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Materials Handling, Rigging, & Cranes

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  • New England Roofing Industry PartnershipMaterials Handling, Rigging, & Cranes

    Trainer's Notes:

    Duration: One and One-Half Hours

    Training Aids: 1. Back Belt.2. Box for lifting demonstration.3. Various new and proper slings.4. Various damaged rigging equipment.5. Operators manuals for various mechanical equipment.6. Crane or other equipment models.7. Video options: Crane Safety for Site Supervisors [Natl Audio Visual]

  • Training ObjectivesAfter completing this unit, you will:

    Know the basic OSHA requirements for the storage and disposal of materials.Know hazards in both mechanical and manual material handling.Understand hazards of rigging and crane operations and how to minimize them.Be aware of proper lifting techniques.

    Materials Handling, Rigging & CranesSUBPARTS1 H,N,O

    Trainer's Notes:

    This Training module is designed to help you recognize and control some of the more common hazards associated with materials handling when doing construction work.

    If you spot problems on your site, or unsure of what to do, notify your supervisor. Awareness of basic aspects of material movement is critical, whether its equipment inspection or operation, rigging a load, or lifting something by hand.

  • References29 CFR 1926.250; Subpart H, Materials Handling, Storage, Use, and Disposal

    29CFR1926.500, Subpart N Cranes, Derricks, Hoists, Elevators, and Conveyors

    29CFR1926.600, Subpart O Motor Vehicles, Mechanized Equipment, and Marine Operations

    ANSI and ASME Standards

    Materials Handling, Rigging & CranesSUBPARTS2 H,N,O

    Trainer's Notes:

    The law requires your employer to be in compliance in addition to exercising due diligence and recognize good practice.

    ANSI American national Standards InstituteASME American Society of Mechanical Engineers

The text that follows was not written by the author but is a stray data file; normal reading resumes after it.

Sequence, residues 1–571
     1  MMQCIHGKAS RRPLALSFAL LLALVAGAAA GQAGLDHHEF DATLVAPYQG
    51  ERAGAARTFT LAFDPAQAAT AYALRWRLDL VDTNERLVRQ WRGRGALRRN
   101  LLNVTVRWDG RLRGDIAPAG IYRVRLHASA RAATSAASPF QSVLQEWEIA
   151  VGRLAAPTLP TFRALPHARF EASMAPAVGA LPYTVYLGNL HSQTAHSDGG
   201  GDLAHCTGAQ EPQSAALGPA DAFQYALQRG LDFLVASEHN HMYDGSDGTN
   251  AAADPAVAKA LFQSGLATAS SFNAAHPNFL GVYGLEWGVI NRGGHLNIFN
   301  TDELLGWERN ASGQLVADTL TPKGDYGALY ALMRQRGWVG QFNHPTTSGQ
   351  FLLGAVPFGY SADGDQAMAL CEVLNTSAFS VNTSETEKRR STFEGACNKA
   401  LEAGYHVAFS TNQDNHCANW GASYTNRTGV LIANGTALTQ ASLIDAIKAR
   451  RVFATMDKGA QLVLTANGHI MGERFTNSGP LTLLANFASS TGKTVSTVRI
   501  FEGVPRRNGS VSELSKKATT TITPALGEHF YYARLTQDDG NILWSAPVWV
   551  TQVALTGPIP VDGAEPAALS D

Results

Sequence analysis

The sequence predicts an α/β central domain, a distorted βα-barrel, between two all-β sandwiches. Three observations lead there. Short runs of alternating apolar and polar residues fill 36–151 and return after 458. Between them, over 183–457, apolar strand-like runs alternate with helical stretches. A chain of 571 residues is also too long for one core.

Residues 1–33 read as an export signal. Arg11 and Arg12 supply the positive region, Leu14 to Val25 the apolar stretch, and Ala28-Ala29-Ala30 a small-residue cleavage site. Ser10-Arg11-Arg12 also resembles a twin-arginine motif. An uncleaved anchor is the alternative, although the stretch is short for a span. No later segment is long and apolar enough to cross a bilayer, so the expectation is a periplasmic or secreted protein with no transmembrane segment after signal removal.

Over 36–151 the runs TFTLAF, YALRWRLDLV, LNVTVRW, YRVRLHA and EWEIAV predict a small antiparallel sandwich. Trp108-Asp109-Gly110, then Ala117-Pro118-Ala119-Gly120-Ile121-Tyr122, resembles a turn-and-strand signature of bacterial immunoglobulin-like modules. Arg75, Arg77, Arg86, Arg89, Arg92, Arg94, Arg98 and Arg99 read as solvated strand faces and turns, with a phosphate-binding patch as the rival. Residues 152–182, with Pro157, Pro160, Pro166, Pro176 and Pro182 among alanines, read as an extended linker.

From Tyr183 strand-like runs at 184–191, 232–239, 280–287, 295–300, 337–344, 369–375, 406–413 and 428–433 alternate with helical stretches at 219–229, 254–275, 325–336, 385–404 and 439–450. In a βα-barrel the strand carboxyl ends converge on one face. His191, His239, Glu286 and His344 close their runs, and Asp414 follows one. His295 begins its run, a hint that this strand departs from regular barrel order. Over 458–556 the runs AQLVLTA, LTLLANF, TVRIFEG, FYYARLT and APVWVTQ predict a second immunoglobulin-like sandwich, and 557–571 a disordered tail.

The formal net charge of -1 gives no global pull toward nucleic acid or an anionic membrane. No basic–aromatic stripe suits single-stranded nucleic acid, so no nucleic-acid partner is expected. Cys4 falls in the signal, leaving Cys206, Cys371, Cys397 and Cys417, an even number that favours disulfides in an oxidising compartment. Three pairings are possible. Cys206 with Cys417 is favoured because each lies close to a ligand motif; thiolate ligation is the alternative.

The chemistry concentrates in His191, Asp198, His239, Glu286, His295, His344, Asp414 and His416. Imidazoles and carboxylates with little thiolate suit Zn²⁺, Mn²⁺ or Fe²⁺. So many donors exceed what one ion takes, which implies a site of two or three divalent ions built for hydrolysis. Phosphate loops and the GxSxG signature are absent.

• Materials Handling DangersUnsafe storage and materials movement

    can lead to:

    Back injuries (the number one cause of worker compensation claims).Struck-by or crushed by falling loads due to rigging failures.Electrocutions due to power line contact.Injury from falling materials.Injury from slipping, tripping and falling.

    Materials Handling, Rigging & CranesSUBPARTS3 H,N,O

    Trainer's Notes:

    Review the dangers.

    Emphasize the fact that materials handling occurs from the beginning of the job to the end and whether mechanical or manual, holds a potential for many injuries.

  • Moving Materials by Hand: Back Facts8 out of 10 Americans will have a back injury during their life.Approximately 1 out of 3 injuries at work are back injuries.Personal pain and inconvenience can not be measured.Back injuries cost employers an estimated 10 billion dollars each year!

    Materials Handling, Rigging & CranesH, N, OSUBPARTS4

    Trainer's Notes:

    Review the facts with the participants.

    Ask for a show of hands concerning back problems.

  • Preventing Back InjuriesYou can avoid back injuries by:

    Using mechanical aids.Using proper lifting techniques.Keeping in lifting shape.Working as a team when lifting.Knowing the truth about back belts.